skullarchNealHerbertNPS
Skull Arch (Photo © Neal Herbert/NPS)

With Halloween just around the corner, what better place to be the last week of October than exploring the ghost towns of Death Valley National Park? That’s where we’re heading as we put some final touches on our (spoiler alert!) forthcoming Chimani Death Valley app, which includes detailed descriptions on such now-deserted gold-rush boom towns as Rhyolite, Leadfield, Ballarat, and Skidoo.

Disputed mining claims and broken dreams are the kinds of stuff ghost stories are made of, but Death Valley is hardly alone among National Parks with a creepy past. Some, like Skull Arch in Arches National Park, are just scary-looking, while others have a dark history that still palpably hangs in the air, like the blood-soaked Devil’s Den at Gettysburg National Military Park.

Other National Park sites that are guaranteed not to take the chill out of the autumn air include:

  • Mammoth Cave National Park: As if caves themselves weren’t spooky enough, this Kentucky cavern is said to be stalked by the ghost of Stephen Bishop, a slave who worked as a tour guide and was buried at the mouth of the cave. The cave also was once used as a tuberculosis hospital, where many patients succumbed to their illness and were laid out on the aptly named Corpse Rock, and also may be haunted by the spirit of Floyd Collins, an explorer who got trapped and died in the dark.
  • Grand Canyon National Park: If you hike the Transept Trail at the North Rim, your steps may be haunted by the legendary “Wailing Woman,” said to be the ghost of a woman who committed suicide nearby after her son and husband died on a hike into the canyon. (She also reportedly haunts the Grand Canyon Lodge, so don’t expect any peace just because you made it back to the hotel alive.)

    Yosemite Falls (Photo © Sam Solomon/CC by 2.0)
    Yosemite Falls (Photo © Sam Solomon/CC by 2.0)
  • Yosemite National Park: Yosemite’s waterfalls are beautiful but also can be deadly: a number of tourists have been swept over the falls of the Yosemite Valley, often after wandering into rivers and pools and being caught in the swift current. But there may be more at work here than ignoring the park’s warning signs: the Miwok Indians believe that the waterfalls in Yosemite are haunted by Po-ho-no, a malevolent wind that beckons people to the edge of the falls and then pushes them to their death.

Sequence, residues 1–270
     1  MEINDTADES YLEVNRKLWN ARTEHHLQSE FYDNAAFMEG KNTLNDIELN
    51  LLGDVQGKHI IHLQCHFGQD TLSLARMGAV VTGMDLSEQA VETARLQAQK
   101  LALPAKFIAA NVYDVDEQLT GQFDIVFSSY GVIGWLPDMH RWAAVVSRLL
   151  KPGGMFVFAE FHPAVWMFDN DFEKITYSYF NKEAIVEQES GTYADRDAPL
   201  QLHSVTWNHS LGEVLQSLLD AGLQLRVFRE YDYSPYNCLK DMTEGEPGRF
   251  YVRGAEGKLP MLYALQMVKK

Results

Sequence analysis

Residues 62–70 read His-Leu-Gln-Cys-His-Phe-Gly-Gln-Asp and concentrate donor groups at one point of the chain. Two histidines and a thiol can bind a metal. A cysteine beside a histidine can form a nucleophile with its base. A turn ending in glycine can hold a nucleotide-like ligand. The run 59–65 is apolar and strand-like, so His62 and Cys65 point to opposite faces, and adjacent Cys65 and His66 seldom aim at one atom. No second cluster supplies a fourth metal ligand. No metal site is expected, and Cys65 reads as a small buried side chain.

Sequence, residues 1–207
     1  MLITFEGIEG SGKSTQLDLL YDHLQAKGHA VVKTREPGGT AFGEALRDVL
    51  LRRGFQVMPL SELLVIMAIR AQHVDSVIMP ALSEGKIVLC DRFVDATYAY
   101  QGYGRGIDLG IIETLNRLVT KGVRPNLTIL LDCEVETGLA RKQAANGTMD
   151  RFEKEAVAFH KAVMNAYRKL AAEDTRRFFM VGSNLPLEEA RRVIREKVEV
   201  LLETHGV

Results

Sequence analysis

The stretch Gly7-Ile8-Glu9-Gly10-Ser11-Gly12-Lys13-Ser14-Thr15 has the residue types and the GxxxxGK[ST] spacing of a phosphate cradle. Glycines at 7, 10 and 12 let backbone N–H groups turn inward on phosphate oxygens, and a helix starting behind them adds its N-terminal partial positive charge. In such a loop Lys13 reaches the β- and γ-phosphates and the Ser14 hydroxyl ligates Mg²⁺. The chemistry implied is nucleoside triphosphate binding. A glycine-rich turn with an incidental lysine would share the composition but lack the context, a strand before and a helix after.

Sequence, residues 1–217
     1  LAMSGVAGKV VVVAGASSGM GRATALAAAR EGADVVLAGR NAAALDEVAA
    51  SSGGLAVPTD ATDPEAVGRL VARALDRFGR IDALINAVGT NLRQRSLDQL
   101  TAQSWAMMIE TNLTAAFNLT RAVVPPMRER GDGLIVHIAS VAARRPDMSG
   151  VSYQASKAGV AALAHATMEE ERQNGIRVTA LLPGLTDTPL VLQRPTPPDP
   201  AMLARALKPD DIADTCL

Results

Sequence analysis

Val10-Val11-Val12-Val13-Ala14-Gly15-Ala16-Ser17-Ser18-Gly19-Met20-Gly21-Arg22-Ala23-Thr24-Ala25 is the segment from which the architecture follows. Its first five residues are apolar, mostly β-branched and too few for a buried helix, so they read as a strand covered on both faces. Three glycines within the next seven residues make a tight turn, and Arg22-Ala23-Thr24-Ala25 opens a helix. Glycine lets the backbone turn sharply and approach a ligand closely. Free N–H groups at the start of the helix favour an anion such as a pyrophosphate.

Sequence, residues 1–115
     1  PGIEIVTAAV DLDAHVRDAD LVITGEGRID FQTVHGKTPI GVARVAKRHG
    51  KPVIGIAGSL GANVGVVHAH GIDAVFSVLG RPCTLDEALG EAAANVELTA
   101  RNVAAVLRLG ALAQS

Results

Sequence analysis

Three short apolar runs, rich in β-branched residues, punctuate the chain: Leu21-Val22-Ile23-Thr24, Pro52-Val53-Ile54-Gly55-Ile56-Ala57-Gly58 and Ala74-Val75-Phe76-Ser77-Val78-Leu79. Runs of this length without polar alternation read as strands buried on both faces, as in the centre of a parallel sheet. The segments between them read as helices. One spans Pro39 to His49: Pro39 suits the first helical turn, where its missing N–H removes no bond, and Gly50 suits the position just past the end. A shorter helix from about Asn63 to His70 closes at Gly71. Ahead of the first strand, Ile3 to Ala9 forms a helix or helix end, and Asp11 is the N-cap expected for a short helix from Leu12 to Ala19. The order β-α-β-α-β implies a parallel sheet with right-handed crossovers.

• Crater Lake National Park: Frighteningly deep and disturbingly still, Crater Lake beckons seductively to visitors, but plunge in and you may encounter an ancient Klamath Indian spirit named Llao or one of the sea monsters that are occasionally spotted in the lake’s blue-black depths.
  • Hawai’i Volcanoes National Park: Hawaiians take the legend of Pele, the volcano goddess, very seriously, and you would too if you lived in a place where the very earth beneath your feet could erupt in fire at any given moment. It is said that Pele will curse anyone who removes even a pebble of volcanic rock from her home on Kilauea, so avoid a lifetime of misery and bring home a nice Hawaiian short or some poi, instead.

    Pele gets angry (Photo © gail/CC by 2.0)
    Pele gets angry (Photo © gail/CC by 2.0)
  • Great Smoky Mountain National Park: Hike the trails of the Great Smokies around dusk on a late fall afternoon and you may feel the eerie presence of Spearfinger, a witch of Cherokee legend who roams the mountains luring children with sweet songs, then stabs them with her sharp, stone finger and eats their livers. Sorta makes that trail mix sound a lot more appetizing right about now, eh?